# Applying an interaction term to all the IVs

I have a linear model with 6 IVs and would like to analyze the effect of an interaction term applied to all the IVs.

To illustrate, let's say we're predicting the Win/Loose ratio of NBA basketball teams based on a number of players statistics and we want to add the number of spectators coming to the games as an interaction term to all the predictors. The idea is that a higher fans participation in the stadiums will leverage the players skills. Vice-versa if stadiums register low participation (look at the Nets), it will negatively affect the players ability to perform at their best or average levels (side note: we do not want to use the number of spectators as a predictor per se).

In MLR terms the model would be: $$\hat{Y} = c + b_1X_1 + b_2X_2 + ... + b_nX_n + a_1I_1X_1 + a_2I_2X_2 + ... + a_nI_nX_n$$

Where $X_n$ are the players statistics and $I_n$ is a measure of crowd participation.

If the players skills set (skills IVs) is large, the interaction term will double the model terms, with a higher chance of over-fitting the model data and probably decreasing the predictive ability of the model.

Are there other methods than multivariate regression to adjust the linear coefficients given one or more "background" variables? Or is there a way to reduce the number of terms?

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I agree with @rolando2 that the background variable should be included in the model. I'm actually not convinced that the interaction terms need to be. You want to be wary of most attempts to "reduce the number of terms" (see here), but it is acceptable to conduct an a-priori nested model test. I would test the model with the first-order terms (including fan participation) against the full model with all the first-order terms plus all the two-way interactions you are interested in. You would then stick with the model that's better.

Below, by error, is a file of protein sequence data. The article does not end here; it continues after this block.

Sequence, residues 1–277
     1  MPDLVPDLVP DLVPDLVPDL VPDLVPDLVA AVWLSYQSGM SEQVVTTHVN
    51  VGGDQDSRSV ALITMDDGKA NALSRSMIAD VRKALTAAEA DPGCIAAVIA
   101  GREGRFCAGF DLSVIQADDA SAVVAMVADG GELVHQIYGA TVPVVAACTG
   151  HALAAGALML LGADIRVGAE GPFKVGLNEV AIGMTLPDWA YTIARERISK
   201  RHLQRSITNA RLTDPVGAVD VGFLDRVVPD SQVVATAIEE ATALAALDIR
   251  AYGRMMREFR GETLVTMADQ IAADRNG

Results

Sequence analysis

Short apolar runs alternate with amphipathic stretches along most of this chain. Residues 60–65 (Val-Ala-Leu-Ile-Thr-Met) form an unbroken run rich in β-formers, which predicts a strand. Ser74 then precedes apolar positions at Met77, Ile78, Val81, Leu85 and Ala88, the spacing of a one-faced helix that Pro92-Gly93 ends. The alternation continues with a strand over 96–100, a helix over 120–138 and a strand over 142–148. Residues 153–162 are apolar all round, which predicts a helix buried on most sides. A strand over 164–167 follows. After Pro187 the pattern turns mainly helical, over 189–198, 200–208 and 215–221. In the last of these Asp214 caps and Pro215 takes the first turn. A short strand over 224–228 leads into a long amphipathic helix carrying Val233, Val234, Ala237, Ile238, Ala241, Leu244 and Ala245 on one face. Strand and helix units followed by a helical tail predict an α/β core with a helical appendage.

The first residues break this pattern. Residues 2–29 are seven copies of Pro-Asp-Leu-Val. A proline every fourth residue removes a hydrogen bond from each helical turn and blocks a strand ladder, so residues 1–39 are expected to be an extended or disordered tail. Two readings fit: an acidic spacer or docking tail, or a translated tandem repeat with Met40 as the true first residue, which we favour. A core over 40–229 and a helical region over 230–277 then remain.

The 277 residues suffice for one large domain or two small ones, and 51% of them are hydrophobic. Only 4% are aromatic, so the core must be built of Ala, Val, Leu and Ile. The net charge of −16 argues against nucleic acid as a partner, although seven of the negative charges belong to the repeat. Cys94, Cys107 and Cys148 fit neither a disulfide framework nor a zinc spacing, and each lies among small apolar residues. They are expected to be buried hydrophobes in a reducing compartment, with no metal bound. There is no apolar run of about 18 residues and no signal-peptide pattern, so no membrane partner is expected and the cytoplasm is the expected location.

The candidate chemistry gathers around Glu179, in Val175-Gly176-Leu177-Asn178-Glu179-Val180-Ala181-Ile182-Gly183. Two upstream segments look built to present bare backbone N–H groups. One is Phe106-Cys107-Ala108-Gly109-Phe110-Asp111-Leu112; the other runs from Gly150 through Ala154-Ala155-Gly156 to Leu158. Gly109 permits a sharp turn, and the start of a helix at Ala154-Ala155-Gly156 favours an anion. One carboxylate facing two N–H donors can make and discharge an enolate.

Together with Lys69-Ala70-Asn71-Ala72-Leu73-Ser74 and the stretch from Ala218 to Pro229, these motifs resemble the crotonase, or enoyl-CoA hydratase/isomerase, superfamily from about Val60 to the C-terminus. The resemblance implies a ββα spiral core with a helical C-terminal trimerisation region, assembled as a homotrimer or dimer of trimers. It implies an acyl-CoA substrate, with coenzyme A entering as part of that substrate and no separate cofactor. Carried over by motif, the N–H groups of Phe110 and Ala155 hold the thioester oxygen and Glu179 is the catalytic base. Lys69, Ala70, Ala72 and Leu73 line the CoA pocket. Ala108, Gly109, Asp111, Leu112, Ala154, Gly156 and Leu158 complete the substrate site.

It is also true, as you state, that having many predictors (relative to the size of the total data set) increases out of sample error. However, I think you are using the wrong type of model; you actually have more data to fit your parameters than you think. Instead of using the win/loss ratio as your predicted variable, you should use each game (a Bernoulli trial--either a win or a loss) as your response variable. That is, you should be doing logistic regression. Moreover, you need to use a multilevel model, because the games are nested within teams. You will want to explore the generalized estimating equations to fit such a model. My main point here, however, is that you have many more observations to estimate your parameters than you assume, and thus, you are at less risk of overfitting than you fear.

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Alright, I gather that the "background" variable relationship is in facts a main effect adjustment plus maybe some interactions with the basic skills IVs. Thanks for all the references you added. –  Robert Kubrick May 19 '12 at 20:20